Well yes and no, I like the idea of doing it in as grounded a way as possible. Although you could call it a science fiction film, I never really thought of it this way – you could call it a buddy movie, a family drama, there’s a lot of genres packed into it. What I think is nice about that is that it’s not really telegraphed as to where it’s headed. There are some surprises in store for the audience as they watch it.
This is a sensitive portrayal of mental health issues such as dementia, was it always the intention to be a new voice in that area? It’s a subject that’s often skimmed over.
Yeah I mean, for Ford, he was watching his father, like in the movie, drive for five hours to take care of his grandmother so it seemed like it’d make sense in the movie to have the robot taking care of that.
What’s next for you?
I wish I knew! I’ve got a few ideas but they’re all in very early development right now.
So you’ve made an indie film on a small budget here, what would you do it I gave you a $100m budget right now to make a film?
Well the first thing I’d do is wake up Ford and say “Hey, it looks like someone’s silly enough to give us $100m!”. I think we’d try to expand the imagination base, maybe do some sci-fi that’s not so limited, a bit of adventure on that level would be great.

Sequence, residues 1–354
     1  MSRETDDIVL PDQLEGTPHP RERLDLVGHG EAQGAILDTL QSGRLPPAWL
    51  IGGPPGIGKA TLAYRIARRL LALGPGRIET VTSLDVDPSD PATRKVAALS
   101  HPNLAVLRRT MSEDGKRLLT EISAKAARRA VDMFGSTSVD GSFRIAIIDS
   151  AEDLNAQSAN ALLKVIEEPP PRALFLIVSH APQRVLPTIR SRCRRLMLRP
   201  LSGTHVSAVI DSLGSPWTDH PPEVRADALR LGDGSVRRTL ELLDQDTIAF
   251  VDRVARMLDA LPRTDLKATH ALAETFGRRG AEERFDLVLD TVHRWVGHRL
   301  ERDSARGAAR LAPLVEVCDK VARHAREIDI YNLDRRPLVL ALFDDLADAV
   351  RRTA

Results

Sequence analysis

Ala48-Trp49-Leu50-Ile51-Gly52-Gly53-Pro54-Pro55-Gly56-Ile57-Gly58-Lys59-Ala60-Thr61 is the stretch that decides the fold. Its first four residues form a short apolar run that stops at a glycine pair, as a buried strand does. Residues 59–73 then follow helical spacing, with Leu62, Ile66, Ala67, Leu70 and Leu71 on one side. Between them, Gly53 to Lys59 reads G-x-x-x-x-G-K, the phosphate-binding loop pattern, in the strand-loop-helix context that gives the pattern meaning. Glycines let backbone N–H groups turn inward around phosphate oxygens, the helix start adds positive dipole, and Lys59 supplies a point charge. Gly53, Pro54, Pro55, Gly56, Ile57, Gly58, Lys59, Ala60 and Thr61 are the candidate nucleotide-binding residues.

Is there anyone you particularly want to work with?
Not especially, it’s hard to do much better than the actors I’ve had here – it depends on the roles really.
How are you enjoying the great reaction on the festival circuit?
It’s kind of weird actually, I made the movie about ten months ago so mentally you kind of move on from it. It’s been so long since I’ve made these artistic decisions that you get away from it. It’s great to finally release it, we didn’t even know that would happen so it’s great to see it moving around the country, and to see it with subtitles is a great experience.
Do you have a favourite scene in the film?
There are a couple I like, I hope it doesn’t seem egotistical but you just fall in love with your actors. The first robot breakfast I like, and also the scene when his son comes round and Frank pretends to be dying, that’s kind of heartbreaking but also hilarious.
There’s that great line in the breakfast scene where Frank loses patience with the robot…
Yeah that wasn’t even in the script actually. It’s just a product of my inarticulate directing, I said to Frank “you just stand up and kina like, ‘fuck this shit’ and walk to the kitchen” and when we shot he just said the line, and it’s one of the funniest lines. It’s one of the first big laughs in the film, it lets you know you can laugh.
How was the robot created? The practical effects are great.
Yep, it’s entirely practical, I think when you’re creating a film about a relationship then they should really both be on camera. We didn’t really have time or money for CGI anyway, but it wasn;t something I was interested. There has been great work in CG, but I wanted something a little more textural. Peter Sarsgaard has so much warmth that comes through even when you’ve made it robotic.